(Photo: Kena Betancur/AFP via Getty Images)
May 01, 2021
A coalition of over 40 progressive organizations on Saturday rallied online and in person to support the PRO Act--legislation that would strengthen workers' right to organize among other pro-worker provisions.
Groups behind the May Day actions include MoveOn, Indivisible, Democratic Socialists of America, and the Working Families Party.
The Protecting the Right to Organize (PRO) Act passed the House in March but has not yet faced a vote in the upper chamber, where it confronts the 60-vote legislative filibuster and no support from three Democrats--Sens. Kyrsten Sinema (Ariz.), Mark Kelly (Ariz.), and Mark Warner (Va.).
\u201cFrom the streets to warehouses, working people are rising up. But bosses and billionaires are taking advantage of our broken laws to hold us back at every turn. \n\nJoin us on #InternationalWorkersDay today at 2pm ET for a rally + textbank to #PassThePROAct: https://t.co/8Yabpz8w5F\u201d— Working Families Party \ud83d\udc3a (@Working Families Party \ud83d\udc3a) 1619872243
The event description for an online rally Saturday calls the PRO Act "a sweeping overhaul of the rules of our economy that would empower workers and require real accountability when corporations try to take advantage of employees." Speakers at the event included Democratic Reps. Kati Porter (Calif) and Jamal Bowman (N.Y.) and Thea Riofrancos, an organizer for Democratic Socialists of America's (DSA) Green New Deal Campaign Committee.
Bowman framed the PRO Act as "a fight for a future of dignity for all workers--where workers have a say in what happens in the workplace; where they are treated as people, not as machines; and where their humanity takes precedence over at-all-costs productivity."
"It is a way to fight back against the plantation capitalist system that is oppressing us all," Bowman continued. "But it cannot be passed unless we fight. We were given a mandate to fight, consistently and relentlessly, for legislation just like this--so we need to be steadfast in our fight for the PRO Act, for the abolition of the filibuster, and for the values that can bring about a better tomorrow for ourselves, our kids, and our grandchildren."
\u201cWe are taking action May 1 across the country in more than 80 cities to #PassThePROAct. Workers made the world, now we will save it. All out to build the road to stronger unions and power for workers! https://t.co/fZ5dn51eOy\u201d— DSA \ud83c\udf39 (@DSA \ud83c\udf39) 1619842115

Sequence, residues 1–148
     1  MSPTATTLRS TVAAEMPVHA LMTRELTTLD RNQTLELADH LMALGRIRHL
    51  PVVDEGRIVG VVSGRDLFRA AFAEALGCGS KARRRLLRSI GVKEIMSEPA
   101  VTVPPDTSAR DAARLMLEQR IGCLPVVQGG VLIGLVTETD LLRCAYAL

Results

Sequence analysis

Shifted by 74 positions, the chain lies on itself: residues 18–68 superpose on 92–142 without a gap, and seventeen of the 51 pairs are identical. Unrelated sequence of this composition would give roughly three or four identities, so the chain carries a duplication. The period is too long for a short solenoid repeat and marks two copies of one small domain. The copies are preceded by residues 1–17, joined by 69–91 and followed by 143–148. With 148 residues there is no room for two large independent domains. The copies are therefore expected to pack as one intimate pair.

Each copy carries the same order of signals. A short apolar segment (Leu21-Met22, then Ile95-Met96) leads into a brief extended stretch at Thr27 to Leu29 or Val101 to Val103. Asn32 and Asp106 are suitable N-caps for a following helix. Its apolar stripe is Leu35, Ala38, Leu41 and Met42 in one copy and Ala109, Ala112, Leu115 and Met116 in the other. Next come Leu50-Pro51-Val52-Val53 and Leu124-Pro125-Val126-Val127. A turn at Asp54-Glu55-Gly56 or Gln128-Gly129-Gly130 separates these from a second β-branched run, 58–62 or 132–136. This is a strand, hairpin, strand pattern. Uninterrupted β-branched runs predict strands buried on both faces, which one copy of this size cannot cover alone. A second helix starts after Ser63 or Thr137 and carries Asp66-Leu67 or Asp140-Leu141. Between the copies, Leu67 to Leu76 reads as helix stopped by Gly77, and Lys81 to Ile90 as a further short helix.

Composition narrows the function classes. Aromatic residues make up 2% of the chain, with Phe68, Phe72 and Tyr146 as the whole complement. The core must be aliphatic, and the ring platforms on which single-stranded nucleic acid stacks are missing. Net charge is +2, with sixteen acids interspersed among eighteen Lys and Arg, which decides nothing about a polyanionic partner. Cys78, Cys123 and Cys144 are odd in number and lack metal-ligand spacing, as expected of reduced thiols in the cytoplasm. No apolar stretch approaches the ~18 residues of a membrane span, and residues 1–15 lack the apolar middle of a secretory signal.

DSA is also boosting its call for the legislation, declaring in a video: "Workers made the world, now we will save it."
The group has already pushed for the legislation with over 750,000 phone calls to voters and legislators in the states with holdout senators, DSA said in a statement Saturday. That effort has been worth it, the group said, attributing previous calls to Sens. Angus King (I- Maine) and Joe Manchin (D-W.Va.) to having flipped their PRO Act opposition to support.
The trio of holdout senators were targeted of some of the in-person rallies Saturday:
\u201cThe Charlottesville DSA May Day rally and picnic was a resounding success! More than 50 folks showed up to celebrate labor and let @MarkWarner know they want him to #PassthePROAct! Shout out to our comrades from @UVA_YDS for coming out too!\u201d— Charlottesville DSA (@Charlottesville DSA) 1619895203
In a fact sheet released in February, EPI summarized the proposal's benefits:
The Protecting the Right to Organize (PRO) Act addresses many of the major shortcomings with our current law. Passing the PRO Act would help restore workers' ability to organize with their co-workers and negotiate for better pay, benefits, and fairness on the job. Passing the PRO Act would also promote greater racial economic justice because unions and collective bargaining help shrink the Black-white wage gap and bring greater fairness to the workplace.
EPI also joined Human Rights Watch, Amnesty International, the AFL-CIO, and the National Employment Law Project this week in releasing a document that "examines the challenges of unionizing in the U.S. and explains how the PRO Act would be a corrective."
Arvind Ganesan, business and human rights director at Human Rights Watch, put the legislation in the context of the coronavirus crisis.
"The Covid-19 pandemic cruelly exposed how severe inequality is in the United States, where many low-wage workers face hunger, suffer from inadequate healthcare, or risk losing their homes, while the affluent have recovered far more quickly and even thrived," Ganesan said in a statement.
"Passing the PRO Act would be a major step toward tackling inequality by protecting workers' rights," he said, "a key element in a just and human rights-based recovery."
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